Most young adults in Massachusetts believe they have their whole lives ahead of them and have plenty of time to take care of estate planning at some point in the future. Moreover, they may not believe that they have anything of value. However, if they have personal belongings, a car and maybe a checking account, they have assets. Wills keep family members from having to obtain court permission to distribute those assets.
As a person goes about his or her life, he or she may not think there is enough time to create an estate plan. It could be a task that is on his or her to-do list, but it keeps getting pushed to the bottom as other things take priority. After all, no one wants to spend time thinking about his or her demise.
A person may be intimidated by the estate planning process and, therefore, choose to avoid it. What he or she may not understand is that, without a will, Massachusetts law decides who receives his or her assets upon death. Further, family will need to spend additional time and financial resources obtaining court permission to settle one's estate.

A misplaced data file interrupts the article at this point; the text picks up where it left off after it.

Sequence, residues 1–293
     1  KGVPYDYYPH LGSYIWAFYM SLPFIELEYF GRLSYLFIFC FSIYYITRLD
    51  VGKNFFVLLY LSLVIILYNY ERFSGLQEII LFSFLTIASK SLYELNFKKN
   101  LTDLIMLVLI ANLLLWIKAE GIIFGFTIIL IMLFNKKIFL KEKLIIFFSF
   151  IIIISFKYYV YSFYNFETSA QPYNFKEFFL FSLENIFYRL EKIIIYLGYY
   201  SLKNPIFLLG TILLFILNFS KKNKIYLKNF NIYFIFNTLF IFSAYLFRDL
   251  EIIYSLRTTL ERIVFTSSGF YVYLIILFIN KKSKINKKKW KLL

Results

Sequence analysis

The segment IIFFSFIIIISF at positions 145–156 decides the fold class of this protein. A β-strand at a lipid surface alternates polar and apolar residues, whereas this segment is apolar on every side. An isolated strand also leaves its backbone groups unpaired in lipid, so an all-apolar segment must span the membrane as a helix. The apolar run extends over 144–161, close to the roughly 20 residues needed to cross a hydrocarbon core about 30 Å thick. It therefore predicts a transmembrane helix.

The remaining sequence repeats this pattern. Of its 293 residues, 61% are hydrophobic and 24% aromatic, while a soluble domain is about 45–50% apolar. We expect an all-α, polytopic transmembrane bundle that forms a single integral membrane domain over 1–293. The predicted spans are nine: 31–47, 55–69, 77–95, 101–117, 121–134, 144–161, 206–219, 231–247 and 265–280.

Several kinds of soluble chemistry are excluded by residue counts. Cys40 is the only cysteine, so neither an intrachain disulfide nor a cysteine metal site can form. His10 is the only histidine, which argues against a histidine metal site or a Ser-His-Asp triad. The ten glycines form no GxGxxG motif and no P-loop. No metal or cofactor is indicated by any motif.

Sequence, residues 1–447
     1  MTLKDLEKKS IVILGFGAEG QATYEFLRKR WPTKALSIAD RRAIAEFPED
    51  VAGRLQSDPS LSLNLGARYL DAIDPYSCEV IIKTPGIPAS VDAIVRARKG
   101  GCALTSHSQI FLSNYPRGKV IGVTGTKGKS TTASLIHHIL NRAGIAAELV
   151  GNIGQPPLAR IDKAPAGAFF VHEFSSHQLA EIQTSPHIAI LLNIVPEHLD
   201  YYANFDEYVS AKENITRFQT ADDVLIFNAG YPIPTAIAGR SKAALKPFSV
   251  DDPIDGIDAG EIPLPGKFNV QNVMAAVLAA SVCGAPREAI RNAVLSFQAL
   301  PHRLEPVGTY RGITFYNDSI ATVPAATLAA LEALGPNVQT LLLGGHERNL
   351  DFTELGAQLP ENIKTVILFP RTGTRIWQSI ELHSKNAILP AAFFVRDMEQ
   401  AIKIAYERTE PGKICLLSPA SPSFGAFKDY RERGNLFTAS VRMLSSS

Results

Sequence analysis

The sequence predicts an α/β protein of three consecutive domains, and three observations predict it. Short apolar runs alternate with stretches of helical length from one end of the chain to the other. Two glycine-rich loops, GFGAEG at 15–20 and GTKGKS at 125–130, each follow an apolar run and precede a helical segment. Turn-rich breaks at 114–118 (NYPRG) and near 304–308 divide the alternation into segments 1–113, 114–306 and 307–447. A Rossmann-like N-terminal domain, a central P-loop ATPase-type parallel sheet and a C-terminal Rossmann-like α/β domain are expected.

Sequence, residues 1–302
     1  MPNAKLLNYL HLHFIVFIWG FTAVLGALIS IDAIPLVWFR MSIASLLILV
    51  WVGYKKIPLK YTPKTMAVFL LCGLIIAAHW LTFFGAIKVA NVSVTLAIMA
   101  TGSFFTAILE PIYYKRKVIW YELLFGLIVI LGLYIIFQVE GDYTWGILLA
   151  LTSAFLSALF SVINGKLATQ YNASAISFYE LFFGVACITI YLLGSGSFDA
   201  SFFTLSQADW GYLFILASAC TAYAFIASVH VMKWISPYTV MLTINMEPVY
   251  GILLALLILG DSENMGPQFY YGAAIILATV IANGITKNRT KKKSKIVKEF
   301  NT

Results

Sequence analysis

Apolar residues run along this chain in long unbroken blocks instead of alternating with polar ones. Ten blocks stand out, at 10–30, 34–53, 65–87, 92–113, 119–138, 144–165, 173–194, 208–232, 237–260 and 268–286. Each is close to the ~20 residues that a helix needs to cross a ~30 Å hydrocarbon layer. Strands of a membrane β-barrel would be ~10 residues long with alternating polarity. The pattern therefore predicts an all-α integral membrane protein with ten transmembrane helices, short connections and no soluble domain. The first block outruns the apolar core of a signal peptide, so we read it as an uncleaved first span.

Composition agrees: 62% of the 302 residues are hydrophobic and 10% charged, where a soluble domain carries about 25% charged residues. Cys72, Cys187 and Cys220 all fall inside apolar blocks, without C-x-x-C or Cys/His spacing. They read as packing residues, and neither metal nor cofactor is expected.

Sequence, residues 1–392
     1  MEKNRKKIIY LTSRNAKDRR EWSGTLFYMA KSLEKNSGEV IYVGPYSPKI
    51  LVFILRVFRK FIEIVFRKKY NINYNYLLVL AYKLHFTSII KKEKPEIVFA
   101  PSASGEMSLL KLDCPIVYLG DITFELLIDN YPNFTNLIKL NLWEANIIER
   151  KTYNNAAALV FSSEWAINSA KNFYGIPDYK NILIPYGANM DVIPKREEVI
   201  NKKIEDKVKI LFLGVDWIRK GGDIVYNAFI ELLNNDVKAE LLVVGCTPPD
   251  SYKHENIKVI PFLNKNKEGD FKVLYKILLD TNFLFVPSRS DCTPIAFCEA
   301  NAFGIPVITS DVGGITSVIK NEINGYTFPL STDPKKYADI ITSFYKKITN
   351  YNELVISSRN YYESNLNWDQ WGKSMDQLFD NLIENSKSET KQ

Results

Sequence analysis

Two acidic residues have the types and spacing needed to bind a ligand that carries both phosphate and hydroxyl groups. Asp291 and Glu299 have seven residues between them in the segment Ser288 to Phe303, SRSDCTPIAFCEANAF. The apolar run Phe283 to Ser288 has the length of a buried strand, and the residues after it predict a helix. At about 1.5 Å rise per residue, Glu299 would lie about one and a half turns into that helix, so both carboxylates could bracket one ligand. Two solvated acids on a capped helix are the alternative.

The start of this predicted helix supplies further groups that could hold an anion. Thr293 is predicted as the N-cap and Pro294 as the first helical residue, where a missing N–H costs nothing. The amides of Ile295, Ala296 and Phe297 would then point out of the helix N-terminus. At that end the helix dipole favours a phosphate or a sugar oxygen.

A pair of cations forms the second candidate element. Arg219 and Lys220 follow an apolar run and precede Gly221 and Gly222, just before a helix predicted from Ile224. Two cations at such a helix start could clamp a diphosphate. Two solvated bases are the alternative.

No one knows when he or she is going to die, and therefore, it is better to be prepared for the unexpected. Wills provide a certain amount of peace for family members since they will not need to guess the intentions and wishes of a loved one. Moreover, the individual creating the estate plan maintains control of who receives his or her assets.
Source: The Huffington Post, "Why We Avoid Estate Planning", David A. Dedman, Feb. 26, 2015